Saturday, November 8, 2014

The Effect Of Music Therapy On Mood And Anxiety–depression: An Observational Study In Institutionalised Patients With Traumatic Brain Injury

This article written by Guétin et. al., is a continuation of a previous study conducted in 2003-2004, where thirty-four patients with traumatic brain injury were examined in order to study the feasibility and usefulness of music therapy. The researchers begins the article by stating that traumatic brain injury is characterized by cognitive and behavioural disorders. And although neuropsychological and behavioural disorders affect two thirds of patients with traumatic brain injury, lack of knowledge of these conditions may affect the rehabilitation and social/professional reintegration of these individuals negatively. 

Previous clinical studies have demonstrated the positive impact of music therapy on the rehabilitation of patients with traumatic brain injury. The 2003-2004 study conducted sessions based on playing instruments (active therapy) that were able to stimulate both cognitive functions and psychomotor functions. That research also concluded that receptive therapy (based on listening to music) enabled an improvement in anxiety and/or depression and encouraged the verbal expression of the patients’ suffering. 

For this observational study, the researcher’s objective is to evaluate the effects of music therapy on mood, anxiety and depression in thirteen patients with traumatic brain injury. These patients at “Les-Fontaines-d’O” rehabilitation centre (Adages) in Montpellier, France, from September 2005 to June 2006, took part in individual, weekly, 1-hour music therapy sessions over a period of 20 weeks. Each session was divided into two 30-minute periods – one devoted to listening to music (receptive music therapy, playing music of the patient’s musical taste) and the other to playing an instrument (active music therapy). The assessment criteria (measured at weeks 1, 5, 10, 15 and 20) were mood (on the face scale) and anxiety–depression (on the Hospital Anxiety and Depression (HAD) Scale). Mood was assessed immediately before and after the first music therapy session and every fifth session.

This music therapy research displays a significant improvement in mood after the first session. It also leads to a significant reduction in anxiety–depression from week 10 onwards and up until the end of the study. It is useful in the treatment of anxiety–depression and mood in patients with traumatic brain injury. According to the study, music can modify the course of disorders through its sensory, cognitive, affective and behavioural effects.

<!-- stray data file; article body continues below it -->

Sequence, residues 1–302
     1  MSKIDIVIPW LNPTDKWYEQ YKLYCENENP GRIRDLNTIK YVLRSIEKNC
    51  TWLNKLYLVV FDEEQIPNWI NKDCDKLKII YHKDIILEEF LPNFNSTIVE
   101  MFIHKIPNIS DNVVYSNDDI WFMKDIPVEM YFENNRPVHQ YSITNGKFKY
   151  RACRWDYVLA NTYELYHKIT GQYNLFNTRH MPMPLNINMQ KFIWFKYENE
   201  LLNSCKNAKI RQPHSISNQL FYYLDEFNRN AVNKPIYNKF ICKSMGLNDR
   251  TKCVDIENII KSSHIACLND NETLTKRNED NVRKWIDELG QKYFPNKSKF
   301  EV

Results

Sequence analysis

The study discusses on how the effects of receptive music therapy are related to the fact that individualized musical listening markedly relieves painful experiences. The effects of music therapy are based on the impact of music on different components in the painful experience and changes in the perception of pathological disorders.

Ultimately, the goal after this study is to add a new “therapeutic weapon” (p. 35) -- devoid of side effects) -- to the resources available for rehabilitating patients with traumatic brain injury.  Music therapy will then, enable a comparison with other similar therapeutic interventions, such as speaking or singing.

Research on the effects of music therapy is comforting for me, to know that continuous scientific and theoretical research is made to record and publish the results of improvements through music therapy. These findings are a tangible way to recognize the importance and use for music therapy. It makes me wonder all the more, when research in music therapy began, and if significant findings were established before music therapy was officially used in medical centres. It also encourages me to continuously recognize that much more research on the brain with the use of music therapy is needed.